Channel: The Kaʻū Calendar News Briefs, Hawaiʻi Island
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Ka`u News Briefs Thursday, Dec. 18, 2014

Colorful cabins at Kilauea Military Camp continue the Holiday Challenge tradition, where spectators can vote for their favorites.
Photo by Dave Berry
IN TESTIMONY SUPPORTING AN APPEAL of federal judge Barry Kurren’s decision invalidating Hawai`i County’s partial ban on genetically modified crops, east Ka`u’s Sen. Russell Ruderman said, “I urge you to stand up to bullies, to stand up for our right to a democracy that’s free of corporate control.”
      While most of the more than six hours of public testimony favored an appeal, University of Hawai`i scientists in Hilo and Manoa opposed one.
Sen. Russell Ruderman
      David Christopher, of the Department of Molecular Biosciences and Bioengineering, said, “We need to hold Hawai`i state law and the federal Plant Protection Act as primary principles to follow.”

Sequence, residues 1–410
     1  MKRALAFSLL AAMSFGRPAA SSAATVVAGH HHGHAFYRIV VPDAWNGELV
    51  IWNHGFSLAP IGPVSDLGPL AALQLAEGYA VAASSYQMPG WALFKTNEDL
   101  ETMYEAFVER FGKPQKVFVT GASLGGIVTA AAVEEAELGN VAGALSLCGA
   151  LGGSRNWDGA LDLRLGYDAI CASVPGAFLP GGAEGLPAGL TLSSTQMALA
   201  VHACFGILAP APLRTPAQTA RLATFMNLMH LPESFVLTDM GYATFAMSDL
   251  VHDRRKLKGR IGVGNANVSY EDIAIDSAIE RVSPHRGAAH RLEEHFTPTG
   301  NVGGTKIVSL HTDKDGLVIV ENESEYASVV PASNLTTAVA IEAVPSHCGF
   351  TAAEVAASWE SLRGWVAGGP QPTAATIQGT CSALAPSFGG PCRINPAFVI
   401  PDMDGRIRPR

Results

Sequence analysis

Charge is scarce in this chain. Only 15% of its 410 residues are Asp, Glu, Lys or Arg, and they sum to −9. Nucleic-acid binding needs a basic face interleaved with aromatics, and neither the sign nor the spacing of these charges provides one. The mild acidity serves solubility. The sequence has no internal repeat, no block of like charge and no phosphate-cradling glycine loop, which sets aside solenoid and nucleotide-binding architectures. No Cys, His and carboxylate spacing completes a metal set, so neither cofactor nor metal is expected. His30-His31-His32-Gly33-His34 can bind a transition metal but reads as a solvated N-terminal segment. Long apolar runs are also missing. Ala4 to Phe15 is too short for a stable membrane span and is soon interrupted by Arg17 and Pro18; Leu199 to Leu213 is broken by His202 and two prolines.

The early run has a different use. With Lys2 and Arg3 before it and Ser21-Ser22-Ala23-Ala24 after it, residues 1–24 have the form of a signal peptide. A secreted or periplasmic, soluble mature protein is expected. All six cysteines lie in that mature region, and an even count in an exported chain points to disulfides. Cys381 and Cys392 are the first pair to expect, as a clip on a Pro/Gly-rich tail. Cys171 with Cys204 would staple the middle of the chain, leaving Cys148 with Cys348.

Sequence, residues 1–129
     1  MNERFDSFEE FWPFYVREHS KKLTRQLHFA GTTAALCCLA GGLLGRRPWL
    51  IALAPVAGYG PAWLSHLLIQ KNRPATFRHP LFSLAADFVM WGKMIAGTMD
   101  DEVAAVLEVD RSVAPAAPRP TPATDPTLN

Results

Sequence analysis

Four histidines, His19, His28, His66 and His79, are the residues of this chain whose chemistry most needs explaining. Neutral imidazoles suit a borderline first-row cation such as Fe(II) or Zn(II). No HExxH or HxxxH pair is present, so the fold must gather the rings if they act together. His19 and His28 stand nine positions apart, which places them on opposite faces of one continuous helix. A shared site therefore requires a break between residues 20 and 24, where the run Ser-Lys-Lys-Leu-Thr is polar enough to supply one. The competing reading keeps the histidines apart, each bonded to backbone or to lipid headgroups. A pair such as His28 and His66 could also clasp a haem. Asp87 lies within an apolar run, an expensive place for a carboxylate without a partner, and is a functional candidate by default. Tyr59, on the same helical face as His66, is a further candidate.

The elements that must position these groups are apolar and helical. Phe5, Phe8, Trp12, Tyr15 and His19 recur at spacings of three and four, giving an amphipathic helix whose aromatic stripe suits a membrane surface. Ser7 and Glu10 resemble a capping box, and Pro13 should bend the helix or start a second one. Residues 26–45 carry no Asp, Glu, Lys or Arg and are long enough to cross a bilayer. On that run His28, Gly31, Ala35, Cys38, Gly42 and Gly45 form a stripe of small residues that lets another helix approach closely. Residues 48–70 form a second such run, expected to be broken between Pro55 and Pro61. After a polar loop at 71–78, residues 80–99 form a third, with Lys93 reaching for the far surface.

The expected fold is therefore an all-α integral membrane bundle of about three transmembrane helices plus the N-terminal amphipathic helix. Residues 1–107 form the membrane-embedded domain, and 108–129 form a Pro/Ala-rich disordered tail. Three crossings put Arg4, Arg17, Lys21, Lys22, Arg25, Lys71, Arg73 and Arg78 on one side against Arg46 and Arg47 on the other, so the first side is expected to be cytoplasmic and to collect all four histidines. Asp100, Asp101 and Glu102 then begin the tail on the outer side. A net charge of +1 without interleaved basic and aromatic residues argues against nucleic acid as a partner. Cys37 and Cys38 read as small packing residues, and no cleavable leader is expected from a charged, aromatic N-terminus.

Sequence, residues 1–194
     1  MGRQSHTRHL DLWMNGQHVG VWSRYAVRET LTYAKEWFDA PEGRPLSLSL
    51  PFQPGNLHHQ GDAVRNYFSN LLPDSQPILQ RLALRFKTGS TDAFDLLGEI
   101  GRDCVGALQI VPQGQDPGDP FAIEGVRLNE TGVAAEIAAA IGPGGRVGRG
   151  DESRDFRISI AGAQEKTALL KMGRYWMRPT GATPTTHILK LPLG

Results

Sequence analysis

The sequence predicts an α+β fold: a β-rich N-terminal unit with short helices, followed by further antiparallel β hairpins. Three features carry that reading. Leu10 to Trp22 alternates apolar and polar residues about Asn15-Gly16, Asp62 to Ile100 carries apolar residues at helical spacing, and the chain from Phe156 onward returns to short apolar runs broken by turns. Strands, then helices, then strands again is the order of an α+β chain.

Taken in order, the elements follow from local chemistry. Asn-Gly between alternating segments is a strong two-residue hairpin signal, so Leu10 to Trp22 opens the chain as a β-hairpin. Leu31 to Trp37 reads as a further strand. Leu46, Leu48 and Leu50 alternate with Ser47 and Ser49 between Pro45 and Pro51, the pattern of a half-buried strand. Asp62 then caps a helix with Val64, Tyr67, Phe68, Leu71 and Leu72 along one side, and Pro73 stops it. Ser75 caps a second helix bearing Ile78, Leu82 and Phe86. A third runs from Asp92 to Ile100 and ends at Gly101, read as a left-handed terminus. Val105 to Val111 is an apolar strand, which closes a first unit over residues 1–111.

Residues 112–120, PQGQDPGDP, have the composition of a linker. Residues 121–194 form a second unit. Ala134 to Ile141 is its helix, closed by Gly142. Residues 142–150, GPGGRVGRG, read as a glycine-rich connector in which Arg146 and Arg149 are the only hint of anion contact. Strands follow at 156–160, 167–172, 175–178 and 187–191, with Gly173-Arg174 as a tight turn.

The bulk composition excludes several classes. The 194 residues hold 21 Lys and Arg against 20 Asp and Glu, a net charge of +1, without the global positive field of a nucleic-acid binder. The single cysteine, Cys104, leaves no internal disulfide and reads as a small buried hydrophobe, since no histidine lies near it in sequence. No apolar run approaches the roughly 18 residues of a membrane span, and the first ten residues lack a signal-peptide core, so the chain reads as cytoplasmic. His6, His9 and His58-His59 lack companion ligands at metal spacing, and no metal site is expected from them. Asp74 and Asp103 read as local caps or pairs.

In his decision last month, Kurren said state law pre-empts county law on the issue and that lawmakers intended the state to have extensive oversight of agricultural issues. “Clearly, the state Legislature intended this network of the Hawai`i Department of Agriculture, the Hawai`i Board of Agriculture and the advisory committee to have extensive and broad responsibilities over agricultural problems spanning the various counties to form a coherent and comprehensive statewide agricultural policy,” he wrote.
      According to a story in Hawai`i Tribune-Herald, Paul Achitoff, managing attorney for Earthjustice’s mid-Pacific regional office, said there was no legislative intent to cover GMOs because the state law the judge referred to was written before GMOs came to the state.
      Ka`u’s County Council member Maile Medeiros David was one of five who voted to appeal the judge’s decision.
      Regarding the council’s vote to appeal, Kohala Councilwoman Margaret Wille, who wrote the bill partially banning GMOs, said, “This is an important decision with far-reaching impact on home rule. It’s not just about GMOs.”
      See hawaiitribune-herald.com.
      To comment on or like this story, go to facebook.com/kaucalendar.

Photos show activity at flow front heading toward Pahoa Marketplace.